He understood that once he let go of each pitch, he was now another infielder. So he could rely on his incredible ability to locate pitches wherever he wanted and hope the other 8 guys on the field would be enough. Or he could take some extra ground balls each day and become a major league infielder as well. As a middle infielder, back when I played baseball (cue Glory Days by Bruce Springsteen), I always appreciated a pitcher who could consistently field ground balls up the middle, freeing me up to cover other areas of the infield. For very little effort, Maddux was able to make his infield that much more impenetrable. And for that extra effort, from 1990-2008 he was awarded with every NL Pitching Gold Glove, except one.
And this is why my other baseball hero is Greg Maddux. It wasn't the strikeouts, the wins, or the change up. It was that he was a true generalist. He wasn't the most overpowering pitcher with the nastiest off-speed pitches but he was good enough. Pitchers can lift weights and train to throw harder but at a certain point, being able to throw 100mph is genetic. But Greg Maddux made sure he was as good as he could be in every other aspect of the game. His defense, his movement, his location, his knowledge of the opposing team and each hitter's weaknesses. He wasn't a bad hitter either with a .171 lifetime batting average which is great for a pitcher. After all, stellar individual statistics are only meaningful insofar as they help your team win.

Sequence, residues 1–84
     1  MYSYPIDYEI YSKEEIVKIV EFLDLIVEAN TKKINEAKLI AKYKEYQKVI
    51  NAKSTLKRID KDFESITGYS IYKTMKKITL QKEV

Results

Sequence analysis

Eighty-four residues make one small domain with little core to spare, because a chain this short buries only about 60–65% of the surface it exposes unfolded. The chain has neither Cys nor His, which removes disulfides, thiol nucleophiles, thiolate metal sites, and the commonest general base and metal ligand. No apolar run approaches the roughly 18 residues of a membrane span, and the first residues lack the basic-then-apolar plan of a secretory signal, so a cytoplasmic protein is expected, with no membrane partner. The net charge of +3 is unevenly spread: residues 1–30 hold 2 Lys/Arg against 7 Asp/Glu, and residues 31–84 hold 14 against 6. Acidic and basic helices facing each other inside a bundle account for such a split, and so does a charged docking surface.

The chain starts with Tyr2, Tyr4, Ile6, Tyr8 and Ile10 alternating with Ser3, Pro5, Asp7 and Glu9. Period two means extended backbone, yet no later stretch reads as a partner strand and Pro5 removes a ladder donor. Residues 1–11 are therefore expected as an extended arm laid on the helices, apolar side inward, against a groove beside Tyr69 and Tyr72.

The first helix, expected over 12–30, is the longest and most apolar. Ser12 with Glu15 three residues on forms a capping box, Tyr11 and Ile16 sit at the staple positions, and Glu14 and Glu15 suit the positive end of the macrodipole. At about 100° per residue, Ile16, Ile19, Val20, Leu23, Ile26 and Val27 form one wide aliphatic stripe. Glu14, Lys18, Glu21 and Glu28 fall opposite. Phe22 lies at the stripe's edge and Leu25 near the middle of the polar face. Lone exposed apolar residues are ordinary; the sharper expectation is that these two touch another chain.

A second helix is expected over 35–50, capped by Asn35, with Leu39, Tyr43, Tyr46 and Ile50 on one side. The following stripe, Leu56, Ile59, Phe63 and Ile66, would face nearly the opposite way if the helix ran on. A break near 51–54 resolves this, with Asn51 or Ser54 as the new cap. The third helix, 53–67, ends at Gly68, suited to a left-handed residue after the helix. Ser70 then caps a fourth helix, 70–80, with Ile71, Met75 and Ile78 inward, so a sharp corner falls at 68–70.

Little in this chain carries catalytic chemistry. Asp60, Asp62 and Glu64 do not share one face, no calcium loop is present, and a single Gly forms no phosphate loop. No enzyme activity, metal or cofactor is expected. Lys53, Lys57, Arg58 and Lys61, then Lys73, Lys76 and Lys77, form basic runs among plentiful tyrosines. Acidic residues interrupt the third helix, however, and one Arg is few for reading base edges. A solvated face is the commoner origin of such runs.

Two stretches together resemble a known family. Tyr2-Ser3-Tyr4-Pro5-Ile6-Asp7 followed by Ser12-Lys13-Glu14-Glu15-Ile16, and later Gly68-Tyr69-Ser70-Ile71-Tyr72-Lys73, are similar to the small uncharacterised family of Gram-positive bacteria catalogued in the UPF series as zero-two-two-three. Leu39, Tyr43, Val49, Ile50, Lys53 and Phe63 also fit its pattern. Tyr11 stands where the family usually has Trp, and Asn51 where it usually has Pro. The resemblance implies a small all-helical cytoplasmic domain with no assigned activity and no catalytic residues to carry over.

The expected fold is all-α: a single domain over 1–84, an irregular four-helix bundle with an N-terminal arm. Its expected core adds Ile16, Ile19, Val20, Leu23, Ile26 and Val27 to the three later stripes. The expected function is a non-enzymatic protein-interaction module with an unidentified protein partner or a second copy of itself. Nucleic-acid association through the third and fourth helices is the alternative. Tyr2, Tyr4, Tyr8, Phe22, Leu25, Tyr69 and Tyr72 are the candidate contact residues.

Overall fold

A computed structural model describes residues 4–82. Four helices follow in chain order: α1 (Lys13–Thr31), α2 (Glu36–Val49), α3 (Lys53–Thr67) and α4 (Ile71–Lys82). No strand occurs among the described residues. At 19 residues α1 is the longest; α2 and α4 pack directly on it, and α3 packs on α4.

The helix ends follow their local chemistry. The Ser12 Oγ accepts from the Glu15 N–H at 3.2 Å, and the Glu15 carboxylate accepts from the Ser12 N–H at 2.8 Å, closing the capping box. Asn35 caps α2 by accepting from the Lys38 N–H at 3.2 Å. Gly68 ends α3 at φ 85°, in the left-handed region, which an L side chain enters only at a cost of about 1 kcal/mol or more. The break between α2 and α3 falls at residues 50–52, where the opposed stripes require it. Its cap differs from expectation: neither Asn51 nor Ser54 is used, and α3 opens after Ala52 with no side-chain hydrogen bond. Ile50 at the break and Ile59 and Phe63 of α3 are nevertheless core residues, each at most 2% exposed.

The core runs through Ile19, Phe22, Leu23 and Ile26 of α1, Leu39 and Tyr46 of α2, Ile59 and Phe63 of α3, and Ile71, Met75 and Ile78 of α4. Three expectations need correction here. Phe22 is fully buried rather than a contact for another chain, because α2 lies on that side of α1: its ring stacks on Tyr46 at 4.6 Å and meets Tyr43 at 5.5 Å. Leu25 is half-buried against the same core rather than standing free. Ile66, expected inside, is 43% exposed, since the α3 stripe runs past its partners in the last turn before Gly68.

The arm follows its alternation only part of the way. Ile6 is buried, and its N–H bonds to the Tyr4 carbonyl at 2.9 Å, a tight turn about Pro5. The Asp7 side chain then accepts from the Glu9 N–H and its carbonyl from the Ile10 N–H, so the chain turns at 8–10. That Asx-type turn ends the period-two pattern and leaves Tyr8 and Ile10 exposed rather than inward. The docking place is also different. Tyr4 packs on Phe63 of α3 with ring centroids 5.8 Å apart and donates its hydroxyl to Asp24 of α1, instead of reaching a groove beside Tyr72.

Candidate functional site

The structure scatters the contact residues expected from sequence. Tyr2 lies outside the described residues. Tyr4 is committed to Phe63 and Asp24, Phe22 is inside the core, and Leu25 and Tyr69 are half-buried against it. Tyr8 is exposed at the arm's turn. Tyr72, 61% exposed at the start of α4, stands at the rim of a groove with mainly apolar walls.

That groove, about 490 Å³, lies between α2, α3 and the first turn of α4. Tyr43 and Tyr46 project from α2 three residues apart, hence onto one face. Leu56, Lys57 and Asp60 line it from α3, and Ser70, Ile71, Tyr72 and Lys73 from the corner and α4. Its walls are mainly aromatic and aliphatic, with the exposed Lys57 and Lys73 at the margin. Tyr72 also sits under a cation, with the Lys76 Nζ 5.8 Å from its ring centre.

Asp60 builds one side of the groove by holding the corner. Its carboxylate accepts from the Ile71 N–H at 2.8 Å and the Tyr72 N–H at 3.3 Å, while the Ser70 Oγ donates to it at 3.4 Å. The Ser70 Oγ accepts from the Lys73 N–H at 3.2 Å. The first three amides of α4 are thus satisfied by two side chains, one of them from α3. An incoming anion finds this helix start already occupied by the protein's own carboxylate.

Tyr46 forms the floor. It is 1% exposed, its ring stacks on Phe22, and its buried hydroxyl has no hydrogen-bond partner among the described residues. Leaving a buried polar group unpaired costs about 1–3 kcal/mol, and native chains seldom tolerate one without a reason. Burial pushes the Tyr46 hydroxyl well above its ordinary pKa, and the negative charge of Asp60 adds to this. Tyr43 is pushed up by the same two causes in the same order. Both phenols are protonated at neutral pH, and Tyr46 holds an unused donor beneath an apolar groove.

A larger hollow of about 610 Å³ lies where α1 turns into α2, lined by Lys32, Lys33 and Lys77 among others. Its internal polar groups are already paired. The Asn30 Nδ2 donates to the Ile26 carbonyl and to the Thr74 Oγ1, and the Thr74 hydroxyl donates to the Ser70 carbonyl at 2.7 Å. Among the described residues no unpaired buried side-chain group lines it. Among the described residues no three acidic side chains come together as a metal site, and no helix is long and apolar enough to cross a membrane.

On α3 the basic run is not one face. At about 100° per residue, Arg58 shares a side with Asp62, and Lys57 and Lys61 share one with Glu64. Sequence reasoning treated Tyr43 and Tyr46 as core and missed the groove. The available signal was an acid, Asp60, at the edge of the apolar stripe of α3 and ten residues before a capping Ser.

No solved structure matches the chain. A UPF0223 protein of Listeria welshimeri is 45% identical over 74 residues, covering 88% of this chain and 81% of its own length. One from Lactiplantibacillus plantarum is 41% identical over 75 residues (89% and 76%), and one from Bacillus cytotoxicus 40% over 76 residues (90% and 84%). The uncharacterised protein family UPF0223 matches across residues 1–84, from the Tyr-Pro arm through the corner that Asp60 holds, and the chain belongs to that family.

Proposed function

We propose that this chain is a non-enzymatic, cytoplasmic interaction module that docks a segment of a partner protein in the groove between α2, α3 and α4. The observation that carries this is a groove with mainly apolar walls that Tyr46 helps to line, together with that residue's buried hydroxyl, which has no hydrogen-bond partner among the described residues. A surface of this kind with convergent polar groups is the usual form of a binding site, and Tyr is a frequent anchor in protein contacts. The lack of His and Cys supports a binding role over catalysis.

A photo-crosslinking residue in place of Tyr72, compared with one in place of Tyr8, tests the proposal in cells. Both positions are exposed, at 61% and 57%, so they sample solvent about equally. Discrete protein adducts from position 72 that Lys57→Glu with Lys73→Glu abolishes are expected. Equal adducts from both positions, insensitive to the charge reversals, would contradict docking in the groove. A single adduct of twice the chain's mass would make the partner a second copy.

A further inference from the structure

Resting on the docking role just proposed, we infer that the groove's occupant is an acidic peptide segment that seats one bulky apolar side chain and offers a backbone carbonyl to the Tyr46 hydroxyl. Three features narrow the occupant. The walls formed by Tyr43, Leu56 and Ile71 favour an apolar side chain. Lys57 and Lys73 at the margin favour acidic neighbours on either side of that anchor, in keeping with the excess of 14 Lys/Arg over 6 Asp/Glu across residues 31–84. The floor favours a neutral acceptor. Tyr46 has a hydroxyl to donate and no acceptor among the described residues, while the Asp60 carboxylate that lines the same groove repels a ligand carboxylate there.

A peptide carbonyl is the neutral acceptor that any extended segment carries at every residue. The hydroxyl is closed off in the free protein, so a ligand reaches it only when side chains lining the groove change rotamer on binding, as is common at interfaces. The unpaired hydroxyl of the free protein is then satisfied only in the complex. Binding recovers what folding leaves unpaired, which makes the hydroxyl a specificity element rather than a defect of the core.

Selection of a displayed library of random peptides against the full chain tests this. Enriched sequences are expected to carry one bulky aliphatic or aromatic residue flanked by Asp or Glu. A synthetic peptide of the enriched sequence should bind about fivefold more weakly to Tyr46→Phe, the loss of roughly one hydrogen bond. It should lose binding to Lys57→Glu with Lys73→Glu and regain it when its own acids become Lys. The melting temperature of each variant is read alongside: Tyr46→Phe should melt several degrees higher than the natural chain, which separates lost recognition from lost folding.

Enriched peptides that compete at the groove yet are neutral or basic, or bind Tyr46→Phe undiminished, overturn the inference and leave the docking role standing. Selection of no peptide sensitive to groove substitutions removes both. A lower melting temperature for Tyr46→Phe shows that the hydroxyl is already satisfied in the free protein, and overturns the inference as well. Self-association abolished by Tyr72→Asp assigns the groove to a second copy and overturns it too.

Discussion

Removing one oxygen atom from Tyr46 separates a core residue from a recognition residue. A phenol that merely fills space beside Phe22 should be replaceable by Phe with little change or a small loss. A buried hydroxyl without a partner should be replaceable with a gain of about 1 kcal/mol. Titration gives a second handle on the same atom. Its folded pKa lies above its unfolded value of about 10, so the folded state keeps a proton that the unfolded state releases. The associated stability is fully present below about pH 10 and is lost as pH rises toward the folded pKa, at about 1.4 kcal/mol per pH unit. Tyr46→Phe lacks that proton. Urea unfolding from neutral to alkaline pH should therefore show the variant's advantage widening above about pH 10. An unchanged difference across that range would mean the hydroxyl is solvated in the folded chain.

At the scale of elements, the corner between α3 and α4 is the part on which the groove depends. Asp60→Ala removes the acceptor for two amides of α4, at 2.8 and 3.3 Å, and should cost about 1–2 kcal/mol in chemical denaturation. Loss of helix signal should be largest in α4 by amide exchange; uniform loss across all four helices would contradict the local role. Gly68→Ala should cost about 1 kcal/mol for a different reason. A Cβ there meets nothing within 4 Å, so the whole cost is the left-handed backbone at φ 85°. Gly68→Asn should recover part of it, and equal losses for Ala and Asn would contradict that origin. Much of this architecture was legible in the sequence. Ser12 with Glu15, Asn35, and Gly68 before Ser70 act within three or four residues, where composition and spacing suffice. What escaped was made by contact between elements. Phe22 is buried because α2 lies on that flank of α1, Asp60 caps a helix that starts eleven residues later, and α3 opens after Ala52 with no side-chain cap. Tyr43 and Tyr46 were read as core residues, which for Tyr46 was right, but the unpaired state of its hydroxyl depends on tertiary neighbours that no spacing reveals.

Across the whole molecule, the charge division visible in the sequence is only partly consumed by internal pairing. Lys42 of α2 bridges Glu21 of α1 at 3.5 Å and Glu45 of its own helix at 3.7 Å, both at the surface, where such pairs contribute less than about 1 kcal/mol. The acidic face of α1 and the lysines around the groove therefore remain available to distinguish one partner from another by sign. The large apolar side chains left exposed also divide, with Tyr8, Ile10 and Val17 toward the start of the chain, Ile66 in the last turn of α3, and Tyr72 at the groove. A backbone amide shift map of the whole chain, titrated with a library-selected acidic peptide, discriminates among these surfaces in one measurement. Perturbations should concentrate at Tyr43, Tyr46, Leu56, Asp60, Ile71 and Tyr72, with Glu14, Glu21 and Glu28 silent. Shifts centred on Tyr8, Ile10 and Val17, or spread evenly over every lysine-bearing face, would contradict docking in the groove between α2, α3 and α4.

While Cal Ripken Jr. said "there is a job to be done, so I will do it no matter what," Greg Maddux was saying "there are several jobs to be done, and I'm not going to let any of them fall through the cracks." Both worth admiring but for different reasons.
This push for specialists goes beyond baseball though and is even more prominent in how one is told to find a career. So much time in universities these days is spent choosing what your major is, and then "what are you going to specialize in?" And then with your first internship "what do you want to focus on?" Some of this comes from an old assembly line model where you had to be superior at a very particular part of a given process so that things moved as efficiently as possible. But now, most of these processes are digital and will be taken over by computers and artificial intelligence where humans cannot even hope to compete (just consider the human brain can perform slightly less than 1000 operations per second while computer processors can perform about 10 billion in that same second).
So maybe more specialization isn't the answer anymore. Maybe it's the ones who can harness the thing humans still do better than computers—creativity. By combining several skill sets and learning about the other areas of the process, humans now have the ability to innovate and create while leaving the specialization to the computers. It's the software engineer who also understands marketing. Or the lawyer who is well versed in macro-economics. Never needing to be at the top of the field in any of these areas, but high enough to see the gaps and opportunities to produce amazing advancements.
Baseball has changed over the years, but the rules have hardly changed at all in the last 100 years and probably won't in the future either, so I doubt this specialization trend of "set-up men" and “the yips," is going anywhere. But I think the rules of how careers are carved out are changing rapidly. One doesn't need to be the best anymore. In fact, no human will be the best in most cases (unless they artificially increase their brain's processing power). But it is possible to be a Greg Maddux and get to a high level in several areas to see the solutions that the specialists/computers could never see. It's more work but I think it's worth it.